Autonomic nervous system adjustment (ANSA) in patients with hypertension treated with enalapril

Branislav Milovanovic, D Trifunovic, D Djuric
Acta Physiologica Hungarica 2011, 98 (1): 71-84

BACKGROUND AND AIM: Reduced baroreflex sensitivity (BRS), decreased heart rate variability (HRV) and increased blood pressure (BP) variability have serious consequences for target organ damage in patients with hypertension, beside the BP level. The study was aimed to evaluate acute and long-term effects of enalapril, on BRS and HRV in individuals with prehypertension and mild essential hypertension.

METHODOLOGY: We enrolled in the study 85 patients (male 53%, age 42-67) with prehypertension and mild hypertension (systolic blood pressure ≥120 mmHg or diastolic blood pressure ≥80 mmHg). All patients were tested before, 30 minutes after first oral enalapril dose and three weeks after monotherapy with enalapril. The methodology included: beat to beat HRV analysis, BRS measurements with sequence technique, ECG with short term and 24-hour HRV analysis, 24-hour ambulatory blood pressure monitoring with systolic and diastolic BP variability analysis. Patients were divided into groups with sympathetic or vagal predominance based on Autonomic Nervous System Adjustment (ANSA) method.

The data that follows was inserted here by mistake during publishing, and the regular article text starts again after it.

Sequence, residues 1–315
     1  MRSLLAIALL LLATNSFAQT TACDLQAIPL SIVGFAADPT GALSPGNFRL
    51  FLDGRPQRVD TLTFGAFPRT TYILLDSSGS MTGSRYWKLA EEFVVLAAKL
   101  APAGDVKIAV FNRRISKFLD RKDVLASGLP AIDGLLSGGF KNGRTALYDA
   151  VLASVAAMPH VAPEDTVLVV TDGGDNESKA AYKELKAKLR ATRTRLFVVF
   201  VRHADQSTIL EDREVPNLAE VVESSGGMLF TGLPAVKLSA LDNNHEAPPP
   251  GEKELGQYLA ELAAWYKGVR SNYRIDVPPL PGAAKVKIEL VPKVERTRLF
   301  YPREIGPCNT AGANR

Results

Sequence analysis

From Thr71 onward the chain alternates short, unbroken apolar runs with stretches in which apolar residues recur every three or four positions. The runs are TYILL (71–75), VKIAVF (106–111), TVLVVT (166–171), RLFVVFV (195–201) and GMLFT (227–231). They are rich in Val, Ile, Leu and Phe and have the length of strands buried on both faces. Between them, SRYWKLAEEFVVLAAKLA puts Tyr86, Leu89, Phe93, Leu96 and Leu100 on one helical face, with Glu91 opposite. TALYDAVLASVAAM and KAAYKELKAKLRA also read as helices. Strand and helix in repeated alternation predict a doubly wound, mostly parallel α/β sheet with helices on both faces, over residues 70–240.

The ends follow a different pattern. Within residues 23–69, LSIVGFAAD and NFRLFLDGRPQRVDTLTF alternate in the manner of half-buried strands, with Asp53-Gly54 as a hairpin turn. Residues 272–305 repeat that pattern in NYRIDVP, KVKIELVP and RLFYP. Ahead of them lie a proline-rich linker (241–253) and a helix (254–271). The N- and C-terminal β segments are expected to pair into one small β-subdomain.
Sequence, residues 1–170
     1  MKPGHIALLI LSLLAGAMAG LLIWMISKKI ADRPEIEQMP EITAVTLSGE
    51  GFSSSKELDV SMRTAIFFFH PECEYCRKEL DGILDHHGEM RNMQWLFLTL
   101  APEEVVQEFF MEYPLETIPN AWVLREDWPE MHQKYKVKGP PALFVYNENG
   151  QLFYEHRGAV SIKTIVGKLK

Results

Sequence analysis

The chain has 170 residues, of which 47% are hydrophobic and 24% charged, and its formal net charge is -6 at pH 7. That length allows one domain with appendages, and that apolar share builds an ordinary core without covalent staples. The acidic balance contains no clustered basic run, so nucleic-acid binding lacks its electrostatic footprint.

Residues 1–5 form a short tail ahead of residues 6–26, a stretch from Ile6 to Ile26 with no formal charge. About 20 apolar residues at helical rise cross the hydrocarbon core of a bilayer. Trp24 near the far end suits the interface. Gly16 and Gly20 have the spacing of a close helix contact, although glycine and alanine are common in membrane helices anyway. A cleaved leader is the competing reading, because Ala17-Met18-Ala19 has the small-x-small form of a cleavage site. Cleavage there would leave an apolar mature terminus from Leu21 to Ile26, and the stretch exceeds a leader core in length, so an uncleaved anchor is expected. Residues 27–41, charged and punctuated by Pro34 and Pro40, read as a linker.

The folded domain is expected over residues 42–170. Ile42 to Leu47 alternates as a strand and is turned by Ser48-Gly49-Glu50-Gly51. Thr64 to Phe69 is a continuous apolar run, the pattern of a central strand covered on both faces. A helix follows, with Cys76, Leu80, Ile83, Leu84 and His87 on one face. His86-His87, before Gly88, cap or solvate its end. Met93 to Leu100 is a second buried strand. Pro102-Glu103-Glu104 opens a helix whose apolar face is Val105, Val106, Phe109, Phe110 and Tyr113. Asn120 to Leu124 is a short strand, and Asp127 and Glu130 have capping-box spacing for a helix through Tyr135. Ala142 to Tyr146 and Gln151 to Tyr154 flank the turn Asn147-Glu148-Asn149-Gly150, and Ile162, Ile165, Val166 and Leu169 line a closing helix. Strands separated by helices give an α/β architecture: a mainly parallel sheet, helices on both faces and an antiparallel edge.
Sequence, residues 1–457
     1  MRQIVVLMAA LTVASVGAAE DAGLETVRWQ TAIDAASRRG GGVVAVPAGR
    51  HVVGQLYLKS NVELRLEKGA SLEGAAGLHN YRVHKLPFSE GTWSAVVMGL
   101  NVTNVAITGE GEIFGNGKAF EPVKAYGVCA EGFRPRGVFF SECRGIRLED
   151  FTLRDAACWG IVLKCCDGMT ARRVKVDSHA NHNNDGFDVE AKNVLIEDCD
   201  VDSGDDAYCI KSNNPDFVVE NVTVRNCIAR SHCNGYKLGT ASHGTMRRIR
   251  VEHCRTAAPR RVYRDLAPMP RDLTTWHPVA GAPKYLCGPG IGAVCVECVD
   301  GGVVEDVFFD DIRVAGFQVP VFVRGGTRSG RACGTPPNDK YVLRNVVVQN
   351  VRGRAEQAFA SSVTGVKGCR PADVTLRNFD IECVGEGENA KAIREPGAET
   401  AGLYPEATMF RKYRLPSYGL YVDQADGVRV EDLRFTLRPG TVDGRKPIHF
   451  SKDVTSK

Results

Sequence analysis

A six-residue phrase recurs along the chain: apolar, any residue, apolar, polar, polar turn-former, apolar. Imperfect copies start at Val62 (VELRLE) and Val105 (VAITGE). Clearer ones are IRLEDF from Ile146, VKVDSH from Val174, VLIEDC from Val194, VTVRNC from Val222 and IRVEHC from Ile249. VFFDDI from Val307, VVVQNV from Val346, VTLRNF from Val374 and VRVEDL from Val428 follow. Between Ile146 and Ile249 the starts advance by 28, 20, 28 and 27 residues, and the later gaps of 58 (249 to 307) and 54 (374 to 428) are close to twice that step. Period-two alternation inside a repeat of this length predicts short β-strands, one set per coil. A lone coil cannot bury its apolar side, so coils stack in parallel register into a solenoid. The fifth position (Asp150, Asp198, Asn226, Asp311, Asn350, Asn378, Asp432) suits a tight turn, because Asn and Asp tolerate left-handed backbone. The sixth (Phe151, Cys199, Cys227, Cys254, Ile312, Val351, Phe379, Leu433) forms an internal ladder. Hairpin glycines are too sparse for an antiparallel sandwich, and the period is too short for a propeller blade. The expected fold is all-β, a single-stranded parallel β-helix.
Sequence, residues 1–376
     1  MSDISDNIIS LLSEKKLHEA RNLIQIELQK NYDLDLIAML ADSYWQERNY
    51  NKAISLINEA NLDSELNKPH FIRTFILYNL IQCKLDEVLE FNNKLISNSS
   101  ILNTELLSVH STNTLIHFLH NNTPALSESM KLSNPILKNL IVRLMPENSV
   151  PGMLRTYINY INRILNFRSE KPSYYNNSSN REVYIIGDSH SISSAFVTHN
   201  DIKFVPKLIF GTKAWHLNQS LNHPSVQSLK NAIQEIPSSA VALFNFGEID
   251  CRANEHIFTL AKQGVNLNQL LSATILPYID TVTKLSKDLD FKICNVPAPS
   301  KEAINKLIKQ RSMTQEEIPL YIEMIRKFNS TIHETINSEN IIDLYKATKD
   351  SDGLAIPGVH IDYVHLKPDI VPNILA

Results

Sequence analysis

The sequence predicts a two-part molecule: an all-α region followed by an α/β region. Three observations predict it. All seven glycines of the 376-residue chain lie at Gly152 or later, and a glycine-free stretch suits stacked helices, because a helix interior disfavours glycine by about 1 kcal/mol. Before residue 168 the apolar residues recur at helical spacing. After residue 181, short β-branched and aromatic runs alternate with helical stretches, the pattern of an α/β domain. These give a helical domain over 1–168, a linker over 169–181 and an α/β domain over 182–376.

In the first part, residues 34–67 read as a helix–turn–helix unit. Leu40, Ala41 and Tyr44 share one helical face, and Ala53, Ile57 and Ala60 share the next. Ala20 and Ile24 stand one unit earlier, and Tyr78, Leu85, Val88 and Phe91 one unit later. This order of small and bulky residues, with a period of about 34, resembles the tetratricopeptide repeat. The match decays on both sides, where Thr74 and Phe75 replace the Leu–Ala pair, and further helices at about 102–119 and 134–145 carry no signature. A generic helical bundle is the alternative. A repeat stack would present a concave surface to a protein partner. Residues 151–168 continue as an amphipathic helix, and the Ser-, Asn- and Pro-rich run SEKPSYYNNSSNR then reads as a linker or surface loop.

RESULTS: 1) 30 min after initial dose enalapril significantly and effectively reduced systolic BP with shift towards the parasympathetic predominance as reflected in decreased heart rate and low frequency (LF) to high frequency (HF) ratio (LF/HF ratio); 2) chronic enalapril therapy effectively reduced BP, including both systolic BP, diastolic BP and pulls pressure, had positively influence on dipping status, but did not significantly change BP variability; 3) in the whole patient group chronic enalapril therapy did not significantly change HRV, but it significantly decreased LF(nu) in the patient with high basal sympathetic activity, and significantly increased LF(nu) in patients with high basal vagal activity; enalapril also significantly decreased HF (nu) in patients with high basal parasympathetic activity; 4) despite initial, transit changes in maximal and minimal slope of BRS enalapril did not significantly affect sensitivity of spontaneous baroreflex activation.

CONCLUSION: Initial enalapril dose significantly reduced systolic BP and had beneficial effects on autonomic tone and baroreflex sensitivity. Chronic enalapril therapy effectively reduced BP without significant influence on BRS, but had significant autonomic effects on HRV when initial autonomic profile in each patient was analyzed by ANSA. Analyzed by ANSA method chronic enalapril therapy managed to retrieve disturbed sympathovagal balance and established autonomic equilibrium.

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